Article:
kow-too, ko-toa, ka-tou, kao-toa
the Chinese custom of touching the ground with the forehead in the act of prostrating oneself, as an expression of extreme respect, submission, or worship.
1804 BARROW TTOtJ
. Chino (1806) 213 The Chinese were determined they should be kept in the constant practice of the koo-too, or ceremony of ~enuflection and prostration.
1817 ELLIS J,ni. Emb. Ch,no 213 Lord Macartney's performance of the kow-tou was asserted 1845 Athenwum 22Feb.
193 He felt some reluctance when called upon to perform the kow-tow.
1864 D F. RENNIE Brit Arms N China zJz note, The kowtow IS the Chinese obeisance indicatin extreme respect.
1898 W. G. GULLAND Chinese Porc. [. p. xxiv, Lord Amherst..would not perform the kow-tow (kneeling) before the emperor.
1920 Blackw. Mag. Au$: zz511 The conventional bowing or kow-.tow position.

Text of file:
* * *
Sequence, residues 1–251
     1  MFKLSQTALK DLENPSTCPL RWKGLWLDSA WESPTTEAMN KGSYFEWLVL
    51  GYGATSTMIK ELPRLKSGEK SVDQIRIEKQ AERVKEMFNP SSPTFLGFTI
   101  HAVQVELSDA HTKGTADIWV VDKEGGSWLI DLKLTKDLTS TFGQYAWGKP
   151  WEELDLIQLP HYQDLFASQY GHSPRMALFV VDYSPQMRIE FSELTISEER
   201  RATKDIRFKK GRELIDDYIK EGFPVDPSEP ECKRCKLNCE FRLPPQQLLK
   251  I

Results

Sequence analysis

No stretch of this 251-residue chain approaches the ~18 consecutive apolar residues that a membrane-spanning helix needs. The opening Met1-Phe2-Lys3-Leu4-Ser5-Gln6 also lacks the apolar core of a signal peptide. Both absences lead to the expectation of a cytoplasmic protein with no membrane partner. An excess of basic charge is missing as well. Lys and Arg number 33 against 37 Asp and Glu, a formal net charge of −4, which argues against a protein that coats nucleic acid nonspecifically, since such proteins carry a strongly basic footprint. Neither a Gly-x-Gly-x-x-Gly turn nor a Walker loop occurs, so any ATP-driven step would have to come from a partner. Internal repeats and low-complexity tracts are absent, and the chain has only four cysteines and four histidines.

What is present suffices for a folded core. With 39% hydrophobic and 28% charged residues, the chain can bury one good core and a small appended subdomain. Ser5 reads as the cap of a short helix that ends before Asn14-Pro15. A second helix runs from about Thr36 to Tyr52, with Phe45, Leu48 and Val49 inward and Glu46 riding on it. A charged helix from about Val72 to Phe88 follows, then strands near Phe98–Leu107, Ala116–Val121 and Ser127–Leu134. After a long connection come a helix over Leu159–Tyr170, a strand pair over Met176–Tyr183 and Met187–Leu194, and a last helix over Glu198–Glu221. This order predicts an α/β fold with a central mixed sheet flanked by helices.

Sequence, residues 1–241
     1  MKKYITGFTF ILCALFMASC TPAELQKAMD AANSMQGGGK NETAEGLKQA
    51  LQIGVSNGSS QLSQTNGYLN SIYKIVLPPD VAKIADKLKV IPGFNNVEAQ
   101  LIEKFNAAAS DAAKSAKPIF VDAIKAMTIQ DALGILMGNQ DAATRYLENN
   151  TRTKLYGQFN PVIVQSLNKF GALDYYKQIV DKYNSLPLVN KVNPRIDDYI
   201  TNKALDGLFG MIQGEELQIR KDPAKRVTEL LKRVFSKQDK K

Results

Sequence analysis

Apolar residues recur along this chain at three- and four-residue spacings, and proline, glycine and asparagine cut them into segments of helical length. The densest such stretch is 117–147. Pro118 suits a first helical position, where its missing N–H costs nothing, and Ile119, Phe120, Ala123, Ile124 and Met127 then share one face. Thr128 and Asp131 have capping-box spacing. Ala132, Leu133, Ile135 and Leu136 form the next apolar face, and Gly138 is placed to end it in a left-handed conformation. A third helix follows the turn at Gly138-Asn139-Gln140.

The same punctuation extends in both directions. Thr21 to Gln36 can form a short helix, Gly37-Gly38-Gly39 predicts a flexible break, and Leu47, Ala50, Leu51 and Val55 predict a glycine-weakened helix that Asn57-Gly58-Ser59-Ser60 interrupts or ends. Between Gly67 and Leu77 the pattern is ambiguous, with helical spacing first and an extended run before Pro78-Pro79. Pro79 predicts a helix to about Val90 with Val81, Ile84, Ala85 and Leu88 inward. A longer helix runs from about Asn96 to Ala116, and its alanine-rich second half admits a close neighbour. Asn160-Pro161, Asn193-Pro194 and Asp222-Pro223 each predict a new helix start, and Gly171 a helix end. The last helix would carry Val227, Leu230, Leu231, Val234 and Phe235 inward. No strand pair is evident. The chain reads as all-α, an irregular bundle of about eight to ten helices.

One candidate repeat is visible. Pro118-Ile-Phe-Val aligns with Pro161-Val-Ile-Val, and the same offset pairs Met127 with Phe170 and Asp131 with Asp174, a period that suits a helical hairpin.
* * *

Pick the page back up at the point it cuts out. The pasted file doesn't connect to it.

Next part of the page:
i96fJ List~er zljSept' 44:J12 -N ot~veffthe emlssonesof the Pope could eacope the Great Kow-tow-the ceremony involving the three kneelings and nine prostrations before the throne of the Chinese Emperor. b. fig. All act of obsequious respect.
1834 Fraser's Mag. X. ZJO Thus speaks the high-priest of fashion, and the beau monde perform the koo-too with all
1865 CARLYLEFredk. Gt. (187z) V[.XV(. ix. zJ5 Voltaire from of old had faithfully done his kowtoos to this King of the Sciences. 1905 [see HEWGAG].
1972 Times ZI Oct. (Hongkong Suppl.) p. il6 Peking has referred officially to Hongkong's shameful colonial statu uonly"once since President .Nixon's dignified kowtow and the be1ated entry of the people's republic into the United~ations.